English | Spenser and Milton
L622 | 24478 | Anderson


2:30p  3:45p TR

Mainly, this will be a course on The Faerie Queene, Spenser's
culturally encyclopedic romance-epic, the major poem of the English
high Renaissance and the equivalent for poetry of what Shakespeare
is for the drama of the period.  Where helpful, we also look at a
few of the shorter poems by Spenser that bear directly on The Faerie
Queene: for example, Spenser=s pastoral eclogues or sonnets.  We=ll
also be considering ideas about metaphor and allegoryCthe latter
most simply defined in the Renaissance as continued metaphor.
Allegory is basic to all forms of representation in language, and it
conspicuously affects writers both earlier and later than Spenser,
including those of the nineteenth century (e.g., Dickens or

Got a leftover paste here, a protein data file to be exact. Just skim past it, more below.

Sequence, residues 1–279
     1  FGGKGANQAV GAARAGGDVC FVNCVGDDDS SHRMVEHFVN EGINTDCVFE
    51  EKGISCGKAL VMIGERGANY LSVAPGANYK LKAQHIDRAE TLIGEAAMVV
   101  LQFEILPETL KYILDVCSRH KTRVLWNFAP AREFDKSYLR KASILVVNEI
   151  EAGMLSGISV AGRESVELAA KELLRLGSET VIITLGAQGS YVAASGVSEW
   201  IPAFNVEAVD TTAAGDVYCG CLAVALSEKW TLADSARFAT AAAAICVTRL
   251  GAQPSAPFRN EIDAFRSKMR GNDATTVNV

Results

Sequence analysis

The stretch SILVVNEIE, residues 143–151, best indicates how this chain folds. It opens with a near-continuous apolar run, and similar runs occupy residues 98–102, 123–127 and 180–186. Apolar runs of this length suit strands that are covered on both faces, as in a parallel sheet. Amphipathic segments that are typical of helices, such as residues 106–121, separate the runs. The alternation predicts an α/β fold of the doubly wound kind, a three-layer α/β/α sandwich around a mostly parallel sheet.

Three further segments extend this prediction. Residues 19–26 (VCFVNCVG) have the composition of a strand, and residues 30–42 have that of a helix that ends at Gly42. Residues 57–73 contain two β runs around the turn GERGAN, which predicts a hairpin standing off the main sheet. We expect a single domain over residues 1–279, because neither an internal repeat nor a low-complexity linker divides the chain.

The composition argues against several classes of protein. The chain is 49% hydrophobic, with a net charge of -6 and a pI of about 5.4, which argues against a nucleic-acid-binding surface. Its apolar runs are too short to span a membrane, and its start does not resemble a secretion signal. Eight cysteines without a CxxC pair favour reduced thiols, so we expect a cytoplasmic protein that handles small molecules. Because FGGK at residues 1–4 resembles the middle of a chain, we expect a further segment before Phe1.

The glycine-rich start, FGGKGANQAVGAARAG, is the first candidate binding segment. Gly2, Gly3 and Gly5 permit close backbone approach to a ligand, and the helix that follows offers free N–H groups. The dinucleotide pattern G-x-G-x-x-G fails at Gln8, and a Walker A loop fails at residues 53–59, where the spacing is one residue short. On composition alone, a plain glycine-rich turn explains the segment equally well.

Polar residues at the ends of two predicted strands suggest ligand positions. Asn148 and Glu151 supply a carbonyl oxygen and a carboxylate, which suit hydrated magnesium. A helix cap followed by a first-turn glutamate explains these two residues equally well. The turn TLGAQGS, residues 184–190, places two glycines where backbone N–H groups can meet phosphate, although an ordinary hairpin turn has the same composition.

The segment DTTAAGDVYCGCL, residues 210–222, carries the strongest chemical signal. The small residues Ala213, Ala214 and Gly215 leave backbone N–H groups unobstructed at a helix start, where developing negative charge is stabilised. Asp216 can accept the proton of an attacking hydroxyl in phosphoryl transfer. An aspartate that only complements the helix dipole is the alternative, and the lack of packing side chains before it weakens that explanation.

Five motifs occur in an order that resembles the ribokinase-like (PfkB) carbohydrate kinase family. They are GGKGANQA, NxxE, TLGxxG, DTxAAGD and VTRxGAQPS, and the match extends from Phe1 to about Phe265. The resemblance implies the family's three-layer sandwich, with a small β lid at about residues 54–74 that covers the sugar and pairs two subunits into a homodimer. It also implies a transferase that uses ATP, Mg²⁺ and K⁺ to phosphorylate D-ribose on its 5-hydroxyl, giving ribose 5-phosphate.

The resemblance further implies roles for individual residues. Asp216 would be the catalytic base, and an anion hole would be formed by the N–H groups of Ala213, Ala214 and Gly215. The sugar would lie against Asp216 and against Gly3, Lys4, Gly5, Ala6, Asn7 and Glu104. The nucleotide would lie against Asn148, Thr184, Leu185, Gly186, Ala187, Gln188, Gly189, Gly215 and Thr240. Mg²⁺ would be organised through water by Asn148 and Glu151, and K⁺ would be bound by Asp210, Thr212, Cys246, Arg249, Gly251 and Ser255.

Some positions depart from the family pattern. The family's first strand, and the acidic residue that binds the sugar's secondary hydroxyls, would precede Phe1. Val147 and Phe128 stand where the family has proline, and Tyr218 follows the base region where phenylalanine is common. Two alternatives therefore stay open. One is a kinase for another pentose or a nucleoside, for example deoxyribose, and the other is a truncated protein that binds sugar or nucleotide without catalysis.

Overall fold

Hawthorne) or of the twentieth (e.g., Ionesco, Beckett).   But I
still want to emphasize that, while various larger connections will
enrich our reading, the first responsibility of the course will be
to Spenser=s romance-epic, in itself both aesthetically and
culturally a complex and thoroughly engaging poem.

Work in the course will feature a presentation, a relatively short
exploratory essay, and an essay of conference length (8-10 pages).
The major text will be Spenser: The Faerie Queene, ed. A.  C.
Hamilton, 2nd edition (Longman, 2001); discounted copies are likely
to be available on-line.  The most useful reading beforehand would
involve broad cultural background: e.g., for pleasure and profit,
Frances A. Yates, Astrea: The Imperial Theme in the Sixteenth
Century, Edgar Wind, Pagan Mysteries in the Renaissance, revised
edition; or Roy Strong, The Cult of Elizabeth.  If you prefer to
read theories of allegory, consider Carolynn Van Dyke=s Fiction of
Truth, introduction and Part I; Gordon Teskey=s Allegory and
Violence, or Mendele Ann Treip's Allegorical Poetics and Epic.